I’m now able to finalize my review of the Lulzbot TAZ6 3d printer, and WOW. The Lulzbot TAZ6 performs extremely well, and it’s supported well from a great company. What is my final recommendation for the printer? Watch and find out 🙂
Buy a Lulzbot TAZ6 from Matterhackers (affiliate):
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This video is just to show what can be done with household materials.
No weapons or conduct experiments shown here without adult supervision. And taking all appropriate protective measures.
I am not responsible for any misuse, which can give you the information shown here.
We have lots of coins at the house, so I thought it was time I 3d printed a coin sorter. I found one on Thingiverse, and printed it twice. Once on the Ultimaker 3 using Colorfabb HT, and once on the Lulzbot TAZ6 using Polymaker Polylite PLA.
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Makerbot Coin Sorter on Thingiverse:
This Formlabs Form 2 SLA liquid resin photopolymer 3D printer achieves an end result that looks almost indistinguishable from injection molded parts. The only big drawback is the cost of material since photopolymer’s are incredibly expensive to produce compared to filament conventional FDM printers use.
▼ The Pros ▼
1) Very accurate with no material shrinkage like FDM.
2) Insanely high resolution that makes prints looks injection molded.
3) Prints bridge’s perfectly flat with no sag or stringing like FDM.
4) The support material is very simple to remove with flush cuts.
5) Print speed at same resolution is much faster than FDM.
6) The printer is very quiet compared to FDM.
7) Swapping materials is very simple and fast.
8) The software package is amazing and simple to use.
9) The printer connects wirelessly making it simple to send jobs to.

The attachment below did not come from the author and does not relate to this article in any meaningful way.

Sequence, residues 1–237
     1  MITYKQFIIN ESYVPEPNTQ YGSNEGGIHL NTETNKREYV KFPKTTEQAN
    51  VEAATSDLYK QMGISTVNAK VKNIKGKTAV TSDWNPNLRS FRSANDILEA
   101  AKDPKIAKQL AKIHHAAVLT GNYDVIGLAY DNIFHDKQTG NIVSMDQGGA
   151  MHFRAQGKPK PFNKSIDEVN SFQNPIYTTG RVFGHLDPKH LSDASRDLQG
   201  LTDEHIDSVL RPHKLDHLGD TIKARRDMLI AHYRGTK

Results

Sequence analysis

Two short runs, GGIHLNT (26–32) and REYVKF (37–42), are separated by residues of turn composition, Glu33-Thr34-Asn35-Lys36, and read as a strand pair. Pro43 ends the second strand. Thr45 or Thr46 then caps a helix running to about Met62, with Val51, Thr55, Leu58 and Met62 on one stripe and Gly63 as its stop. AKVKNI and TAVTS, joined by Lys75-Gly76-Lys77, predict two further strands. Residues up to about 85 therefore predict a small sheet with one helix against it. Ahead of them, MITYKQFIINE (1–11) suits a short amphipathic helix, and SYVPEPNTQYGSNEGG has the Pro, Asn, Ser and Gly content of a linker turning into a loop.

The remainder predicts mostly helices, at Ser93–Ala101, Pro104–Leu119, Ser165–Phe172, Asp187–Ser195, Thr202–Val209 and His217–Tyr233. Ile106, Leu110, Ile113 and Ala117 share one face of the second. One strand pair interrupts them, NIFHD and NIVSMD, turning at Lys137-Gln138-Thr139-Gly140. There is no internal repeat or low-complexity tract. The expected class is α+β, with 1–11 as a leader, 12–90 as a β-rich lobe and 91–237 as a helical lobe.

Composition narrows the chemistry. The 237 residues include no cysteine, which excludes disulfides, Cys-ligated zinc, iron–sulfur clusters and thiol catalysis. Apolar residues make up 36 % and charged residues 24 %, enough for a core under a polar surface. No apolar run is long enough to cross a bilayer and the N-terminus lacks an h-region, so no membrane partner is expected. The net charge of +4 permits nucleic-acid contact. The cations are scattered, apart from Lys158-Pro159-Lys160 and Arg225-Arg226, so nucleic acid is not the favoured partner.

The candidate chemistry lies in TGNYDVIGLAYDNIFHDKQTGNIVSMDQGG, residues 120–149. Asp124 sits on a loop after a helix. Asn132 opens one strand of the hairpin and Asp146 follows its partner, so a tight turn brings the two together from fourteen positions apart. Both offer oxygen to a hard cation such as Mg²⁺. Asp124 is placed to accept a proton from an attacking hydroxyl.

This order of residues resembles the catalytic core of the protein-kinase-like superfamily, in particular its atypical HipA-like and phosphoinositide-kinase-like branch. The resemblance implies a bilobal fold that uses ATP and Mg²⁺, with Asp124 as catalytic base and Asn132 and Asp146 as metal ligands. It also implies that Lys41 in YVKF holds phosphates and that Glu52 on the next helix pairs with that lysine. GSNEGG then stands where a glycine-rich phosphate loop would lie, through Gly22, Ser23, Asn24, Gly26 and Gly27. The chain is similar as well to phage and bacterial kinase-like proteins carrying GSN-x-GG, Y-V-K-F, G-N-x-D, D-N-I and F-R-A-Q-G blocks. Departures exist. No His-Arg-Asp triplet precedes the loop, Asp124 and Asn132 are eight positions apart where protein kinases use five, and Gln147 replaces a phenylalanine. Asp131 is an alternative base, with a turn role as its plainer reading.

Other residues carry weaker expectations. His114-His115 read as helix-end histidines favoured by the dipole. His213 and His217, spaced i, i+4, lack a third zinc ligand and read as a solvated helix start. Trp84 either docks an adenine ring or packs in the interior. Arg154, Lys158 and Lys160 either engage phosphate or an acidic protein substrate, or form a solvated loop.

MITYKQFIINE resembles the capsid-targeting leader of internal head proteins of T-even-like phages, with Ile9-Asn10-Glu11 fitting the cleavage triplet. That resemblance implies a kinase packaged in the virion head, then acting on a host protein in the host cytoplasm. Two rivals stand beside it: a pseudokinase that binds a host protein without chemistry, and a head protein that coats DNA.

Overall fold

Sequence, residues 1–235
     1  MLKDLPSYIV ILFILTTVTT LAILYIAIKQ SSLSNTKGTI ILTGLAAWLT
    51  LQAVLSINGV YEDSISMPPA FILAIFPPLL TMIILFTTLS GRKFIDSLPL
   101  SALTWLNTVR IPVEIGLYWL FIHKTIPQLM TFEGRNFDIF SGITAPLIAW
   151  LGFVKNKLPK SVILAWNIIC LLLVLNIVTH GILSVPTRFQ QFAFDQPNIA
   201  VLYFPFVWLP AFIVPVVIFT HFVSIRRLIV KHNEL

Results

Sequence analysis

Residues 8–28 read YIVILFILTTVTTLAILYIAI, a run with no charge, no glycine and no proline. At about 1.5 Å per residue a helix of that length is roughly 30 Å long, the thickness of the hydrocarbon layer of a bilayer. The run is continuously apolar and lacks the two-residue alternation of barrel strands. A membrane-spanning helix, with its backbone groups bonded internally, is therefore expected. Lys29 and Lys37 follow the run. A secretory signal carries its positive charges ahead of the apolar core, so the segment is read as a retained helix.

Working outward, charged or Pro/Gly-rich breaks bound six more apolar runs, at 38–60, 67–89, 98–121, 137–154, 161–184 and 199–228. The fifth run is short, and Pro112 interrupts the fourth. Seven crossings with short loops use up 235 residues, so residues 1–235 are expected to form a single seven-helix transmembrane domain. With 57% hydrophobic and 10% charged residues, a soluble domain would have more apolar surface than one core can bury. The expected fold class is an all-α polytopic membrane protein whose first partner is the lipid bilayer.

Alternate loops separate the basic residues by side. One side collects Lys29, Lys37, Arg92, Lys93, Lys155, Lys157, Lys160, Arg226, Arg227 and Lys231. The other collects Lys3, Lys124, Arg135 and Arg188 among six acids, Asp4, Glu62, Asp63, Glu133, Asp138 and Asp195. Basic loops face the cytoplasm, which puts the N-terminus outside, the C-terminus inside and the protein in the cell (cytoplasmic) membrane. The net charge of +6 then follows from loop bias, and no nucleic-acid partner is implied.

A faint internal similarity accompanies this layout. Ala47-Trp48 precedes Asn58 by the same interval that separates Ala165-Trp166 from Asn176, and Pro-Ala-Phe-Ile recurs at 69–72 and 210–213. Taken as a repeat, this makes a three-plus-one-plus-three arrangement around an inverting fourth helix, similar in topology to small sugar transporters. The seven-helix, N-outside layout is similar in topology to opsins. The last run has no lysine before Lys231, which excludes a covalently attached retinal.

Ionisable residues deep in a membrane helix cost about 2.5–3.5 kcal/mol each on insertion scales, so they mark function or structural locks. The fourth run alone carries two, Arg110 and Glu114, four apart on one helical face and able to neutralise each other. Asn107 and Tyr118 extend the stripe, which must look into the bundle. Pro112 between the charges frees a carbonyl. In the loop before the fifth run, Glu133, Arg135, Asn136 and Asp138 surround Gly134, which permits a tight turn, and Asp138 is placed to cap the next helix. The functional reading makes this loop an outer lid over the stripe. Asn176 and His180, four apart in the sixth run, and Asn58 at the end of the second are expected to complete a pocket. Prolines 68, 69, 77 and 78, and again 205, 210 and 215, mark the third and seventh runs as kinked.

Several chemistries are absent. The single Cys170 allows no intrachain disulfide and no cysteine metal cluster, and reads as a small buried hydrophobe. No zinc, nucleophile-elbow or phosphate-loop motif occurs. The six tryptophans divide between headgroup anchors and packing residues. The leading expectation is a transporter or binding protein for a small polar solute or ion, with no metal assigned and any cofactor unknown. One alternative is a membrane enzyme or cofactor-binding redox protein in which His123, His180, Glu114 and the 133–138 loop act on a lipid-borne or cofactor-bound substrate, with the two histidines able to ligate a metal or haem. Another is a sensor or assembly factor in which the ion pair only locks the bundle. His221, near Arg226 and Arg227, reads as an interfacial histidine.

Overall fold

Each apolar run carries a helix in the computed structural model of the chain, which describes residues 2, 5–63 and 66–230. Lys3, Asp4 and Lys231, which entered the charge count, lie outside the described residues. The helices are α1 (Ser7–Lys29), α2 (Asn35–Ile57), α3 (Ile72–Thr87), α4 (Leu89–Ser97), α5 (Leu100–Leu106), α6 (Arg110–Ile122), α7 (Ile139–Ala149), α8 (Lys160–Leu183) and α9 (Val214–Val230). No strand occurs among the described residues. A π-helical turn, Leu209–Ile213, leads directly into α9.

10) Perfect layer adhesion with no gaps, lines or bubbles between layers.
11) Can print completely translucent parts with clear material.
12) Can print high temp (flame) resistant parts with certain resins.
13) Room temp and humidity don’t impact performance like FDM.
14) Materials are perfectly calibrated to the printer, no need to play with temps, speeds, etc like with FDM.
15) Can be set to an open mode to work with 3rd party resins (cheaper alternatives)
16) Highly repeatable printing, once you get a model setup right it will print the same over and over without deviation like FDM.
17) Printed parts are completely solid, no weak spots between layers like FDM
18) Frequent software and firmware updates to further improve printing performance. I’ve had 3 updates since I received the printer.
19) Machine tracks material use and automatically reloads and refills tank to ensure when you start a print you know it will finish.
20) You can print absolutely tiny things with massive detail. See my instagram for some example pictures.
▼ The Cons ▼
1) The material is massively expensive ranging from 0-0 per cartridge (1L). For comparison FDM equivalent would be – for 1kg roll.
2) You must clean prints with alcohol and UV cure them after printing (time consuming + extra consumable).
3) You need to use gloves when handling parts coated in resin.
4) The tanks wear out over time and must be replaced (~ USD).
5) Cleaning up after a failed print can be time-consuming if it goes really wrong.
7) The software will sometimes miss support on complex models so you need to manually check your layers before committing to a print.
8) More waste byproducts since you throw out cartridges, tanks and support material since it cannot be recycled.
9) After you experience an SLA print you’ll struggle going back to your FDM printer even though it’s cheaper to print on.
10) Your friends and family will hassle you to print them figures for their table top games like D&D and Warhammer. Not even kidding on this one.
11) Small build volume compared to similarly priced FDM printers however very large compared to other SLA printers. I will still keep my FDM printers around for printing very large stuff that doesn’t require amazing detail.
▼ XBOX One Controller CAD Model ▼
^ – modified top plate to remove duplicate surface and printed
^^ – Have not tested to make sure it fits on controller just yet, print at your own risk until I make that video.
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▼ Questions & Answers ▼
Q) How durable is the material?
A) Depends on which material you use, see the library of materials on formlabs.com website including some crazy materials like one that can withstand high heat, something FDM materials can’t do.
Q) Why not just print everything on this and sell your FDM printers?
A) Cost of material… Video Rating: / 5